REHOVOT — One of Israel's most historic homes is once again open to the public, its grace and innovative styling as vibrant today as when it was first completed decades ago.
The private Rehovot home of the renowned Zionist leader Chaim Weizmann and his wife, Dr. Vera Weizmann, has not only been restored to its original beauty, but has been elevated to museum quality, from design details to examination and archiving of letters and documents.
The residence was designed by Erich Mendelsohn, one of the most important architects of the 20th century,
"This combination of legacies is of rich importance in both Jewish and universal terms," said Hanan Alon, vice president for international affairs and public relations at the Weizmann Institute of Science.
"Dr. Weizmann's importance and contribution both as an architect of the Jewish state and a pioneering scientist are expressed in all facets of the Weizmann Institute of Science, so we find it fitting to be entrusted, now, with administering his home as well."
Chaim Weizmann bequeathed his 11-acre estate to the state of Israel upon his death in 1952 at age 78. Consequently, the Jewish Agency for Israel and the state of Israel created a way to promote Weizmann's myriad contributions to the Jewish people and administer the property.
Vera Weizmann continued to live in the family home until her death in 1968 and was buried next to her husband on its grounds. A few years later, the house was opened to the public, enabling Israeli schoolchildren and visitors from around the world to experience history where it was made. Twenty years of continuous activity, however, took a toll on the house and it had to be closed several years ago. In time, funds were sought to restore the estate, which borders the campus of the institute.
The challenge was great, because the decision was made to not only refurbish the house, but restore it to its original condition. Mendelsohn, today hailed as one of the top 100 architects of the century and regarded by some as among the leading 10, designed the house long before establishing his acclaimed international reputation. He came to the project through his close personal friendship with Weizmann, whom he regarded as the leader of a state-in-the-making, thus deserving of a residence appropriate to this status.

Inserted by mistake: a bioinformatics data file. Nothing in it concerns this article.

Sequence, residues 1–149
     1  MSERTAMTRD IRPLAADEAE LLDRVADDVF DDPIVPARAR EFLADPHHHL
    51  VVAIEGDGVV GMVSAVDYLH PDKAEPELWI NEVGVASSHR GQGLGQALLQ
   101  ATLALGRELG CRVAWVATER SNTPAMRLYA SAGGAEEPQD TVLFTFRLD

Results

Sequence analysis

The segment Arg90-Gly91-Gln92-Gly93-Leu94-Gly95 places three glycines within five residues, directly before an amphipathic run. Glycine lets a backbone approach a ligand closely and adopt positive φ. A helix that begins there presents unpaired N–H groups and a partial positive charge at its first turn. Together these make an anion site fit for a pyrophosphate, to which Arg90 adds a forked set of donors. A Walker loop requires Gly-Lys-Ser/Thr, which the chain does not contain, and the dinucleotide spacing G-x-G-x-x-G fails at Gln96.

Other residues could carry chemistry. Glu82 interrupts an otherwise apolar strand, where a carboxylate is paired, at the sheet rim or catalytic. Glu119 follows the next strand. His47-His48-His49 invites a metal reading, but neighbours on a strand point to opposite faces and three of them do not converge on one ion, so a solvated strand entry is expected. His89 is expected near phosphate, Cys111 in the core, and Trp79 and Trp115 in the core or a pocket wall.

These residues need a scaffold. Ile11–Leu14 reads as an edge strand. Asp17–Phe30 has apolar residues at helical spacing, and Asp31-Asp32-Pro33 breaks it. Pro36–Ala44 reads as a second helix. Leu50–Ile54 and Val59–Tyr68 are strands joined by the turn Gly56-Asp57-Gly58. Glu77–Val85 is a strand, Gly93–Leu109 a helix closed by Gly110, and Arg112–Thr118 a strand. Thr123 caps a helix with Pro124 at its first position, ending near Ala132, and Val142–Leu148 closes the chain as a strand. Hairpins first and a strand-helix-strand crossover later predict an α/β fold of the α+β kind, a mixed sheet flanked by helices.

The building's design is as modern as anything being built today, bearing testimony to Mendelsohn's reputation as a modernist and Expressionist. It bears the architect's signature of sweeping curves which seem to defy being executed in cement — an element often emulated by Mendelsohn's admirers.
Structurally, the house comprises a concrete frame and silicate bricks, two layers of insulation, and a stucco exterior.
Equally characteristic of Mendelsohn is his use of the staircase connecting the two floors. From the outside, the windows, which follow the staircase, serve as a visual "spine" from which the rest flows in symmetry. Internally, the spiral staircase and the natural light bathing it contribute to a soothing ambiance.